New Atrium Health Behavioral Health Practice Expands Mental Health Treatment Options

02.15.2021 Atrium Health News | Neuroscience

CHARLOTTE, N.C., Feb. 15, 2021 – Atrium Health Behavioral Health Interventional and Neurocognitive Psychiatry opened its new practice to offer expanded brain stimulation treatments, including a new transcranial magnetic stimulation (TMS) device. Brain stimulation can be highly effective in helping patients battling mood disorders, like severe depression, which may be amplified during the pandemic. The practice also offers expanded neurocognitive services.

This new practice is located at 330 Billingsley Road, Suite 102, Charlotte, NC 28211. It allows Atrium Health to:

  • Offer access to a second TMS device that delivers rapid treatment using Theta Burst Technology, thereby reducing treatment time from 19 minutes to three minutes.
  • Coordinate brain stimulation services from a centralized location – outside the psychiatric hospital.
  • Expand care by adding a new doctor who offers neurocognitive psychiatry appointments.
  • Continue offering access to electroconvulsive therapy (ECT).
  • Improve health, elevate hope and advance healing for all behavioral health patients.

Atrium Health offers ECT at two facilities – Atrium Health Huntersville and Atrium Health Mercy.

Brain stimulation, including TMS and ECT, focuses on changing abnormal patterns of activity in the brain. It can be highly effective in helping patients battling treatment-resistant depression (or other mood disorders) improve their quality of life. In fact, ECT has a 50-80% response rate in patients with treatment-resistant depression. TMS has a 50-60% response rate for severe depression.

Offering ECT since 1992 and TMS since 2012, Atrium Health has a long history of providing noninvasive brain stimulation services to thousands of patients safely and effectively. To ensure patient safety, the team has taken specialized certification courses in both ECT and TMS.

TMS: This therapy delivers brief magnetic pulses to stimulate regions of the brain that can affect mood.

“While a technician administers TMS therapy, we have a doctor readily available in-house during treatment,” explained Nicole Aho, M.D., interventional psychiatrist with Atrium Health Behavioral Health Services. “The doctor is accessible to patients and ready to answer questions, make coil adjustments or handle medical emergencies as needed.”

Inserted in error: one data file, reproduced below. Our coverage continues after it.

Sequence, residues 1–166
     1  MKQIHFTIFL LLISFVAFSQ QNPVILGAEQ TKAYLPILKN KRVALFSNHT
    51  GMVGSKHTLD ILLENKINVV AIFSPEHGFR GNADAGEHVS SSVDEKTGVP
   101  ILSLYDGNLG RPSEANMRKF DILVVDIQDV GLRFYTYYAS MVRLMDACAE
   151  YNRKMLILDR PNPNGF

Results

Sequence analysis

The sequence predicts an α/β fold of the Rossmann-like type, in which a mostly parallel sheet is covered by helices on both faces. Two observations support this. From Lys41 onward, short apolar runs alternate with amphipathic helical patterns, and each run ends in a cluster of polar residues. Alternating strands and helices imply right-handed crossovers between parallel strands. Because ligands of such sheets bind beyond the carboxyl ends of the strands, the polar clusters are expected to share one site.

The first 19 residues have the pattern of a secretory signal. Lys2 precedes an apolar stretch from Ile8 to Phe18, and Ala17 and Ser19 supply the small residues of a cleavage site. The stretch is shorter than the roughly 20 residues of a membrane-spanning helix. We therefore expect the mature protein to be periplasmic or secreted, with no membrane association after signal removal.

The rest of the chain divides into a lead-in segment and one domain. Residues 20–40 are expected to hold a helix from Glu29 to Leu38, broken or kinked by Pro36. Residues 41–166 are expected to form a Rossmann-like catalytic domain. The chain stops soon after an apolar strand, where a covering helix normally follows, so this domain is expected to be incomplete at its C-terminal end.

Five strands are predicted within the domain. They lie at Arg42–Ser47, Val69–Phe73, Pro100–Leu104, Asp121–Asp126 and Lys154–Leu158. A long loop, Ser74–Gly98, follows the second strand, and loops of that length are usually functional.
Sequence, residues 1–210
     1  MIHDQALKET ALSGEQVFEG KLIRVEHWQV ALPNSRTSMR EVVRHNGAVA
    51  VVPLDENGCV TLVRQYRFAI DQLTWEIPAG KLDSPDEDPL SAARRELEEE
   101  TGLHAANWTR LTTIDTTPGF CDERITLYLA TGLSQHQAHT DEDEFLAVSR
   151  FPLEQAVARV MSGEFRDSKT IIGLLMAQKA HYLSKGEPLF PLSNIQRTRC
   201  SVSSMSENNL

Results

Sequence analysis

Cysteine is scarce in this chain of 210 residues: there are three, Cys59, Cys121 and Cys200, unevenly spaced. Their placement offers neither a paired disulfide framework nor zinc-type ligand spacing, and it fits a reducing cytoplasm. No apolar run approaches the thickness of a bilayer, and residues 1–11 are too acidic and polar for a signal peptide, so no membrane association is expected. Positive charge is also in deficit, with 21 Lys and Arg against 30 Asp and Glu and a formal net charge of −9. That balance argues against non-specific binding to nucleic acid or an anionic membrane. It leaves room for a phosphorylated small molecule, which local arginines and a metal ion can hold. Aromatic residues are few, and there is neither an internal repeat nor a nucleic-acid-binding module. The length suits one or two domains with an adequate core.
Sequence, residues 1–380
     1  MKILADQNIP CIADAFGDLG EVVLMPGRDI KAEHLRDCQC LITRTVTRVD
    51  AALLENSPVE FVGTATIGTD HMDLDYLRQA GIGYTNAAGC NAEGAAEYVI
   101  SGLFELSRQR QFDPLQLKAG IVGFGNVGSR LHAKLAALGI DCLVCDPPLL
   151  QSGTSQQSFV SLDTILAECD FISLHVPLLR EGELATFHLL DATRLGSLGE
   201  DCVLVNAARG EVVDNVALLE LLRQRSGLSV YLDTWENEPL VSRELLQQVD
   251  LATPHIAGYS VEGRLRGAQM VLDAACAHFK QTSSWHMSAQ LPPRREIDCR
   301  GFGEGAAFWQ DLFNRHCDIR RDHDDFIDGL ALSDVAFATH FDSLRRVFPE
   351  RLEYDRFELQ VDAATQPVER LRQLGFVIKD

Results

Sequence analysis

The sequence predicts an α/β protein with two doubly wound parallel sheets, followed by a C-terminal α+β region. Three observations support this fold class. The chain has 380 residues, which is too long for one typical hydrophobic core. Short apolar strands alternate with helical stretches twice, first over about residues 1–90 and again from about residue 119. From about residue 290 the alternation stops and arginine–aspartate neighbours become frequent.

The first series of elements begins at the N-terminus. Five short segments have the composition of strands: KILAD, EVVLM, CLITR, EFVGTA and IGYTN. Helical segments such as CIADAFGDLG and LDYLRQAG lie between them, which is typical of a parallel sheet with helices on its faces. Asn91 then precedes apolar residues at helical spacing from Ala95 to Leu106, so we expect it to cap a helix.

For most patients, TMS causes no side effects. In rare cases, patients may experience headaches or migraines. Seizure rates for TMS are less than 0.10%. There is no clinical evidence that TMS causes brain damage.

ECT: This therapy creates mild, controlled seizures that have been shown to improve mood symptoms in patients with severe depression and other mood disorders. Performed under general anesthesia, ECT delivers brief, controlled electrical currents to the brain through the scalp.

The most common side effect of ECT is temporary, short-term forgetfulness, mostly around the time of treatment. Other possible side effects of ECT include nausea, headache, stomachache and muscle aches. These can usually be managed during the treatment session, making ECT a generally well-tolerated procedure.

There is no clinical evidence that shows that ECT causes brain damage or dementia. Any short-term forgetfulness that occurs after ECT is usually temporary.

In addition to standard brain stimulation services, the new practice provides several off-label treatments for anxiety. Sometimes, the interventional psychiatrists use innovative protocols to treat other disorders, such as obsessive-compulsive disorder. The team may soon be using TMS to help patients quit smoking, which was recently cleared by the FDA as an indication for TMS.

For more information about Atrium Health’s brain stimulation treatment options, visit Interventional and Neurocognitive Psychiatry at Atrium Health or call 704-512-7578. Due to COVID-19, Atrium Health is providing all consultations virtually.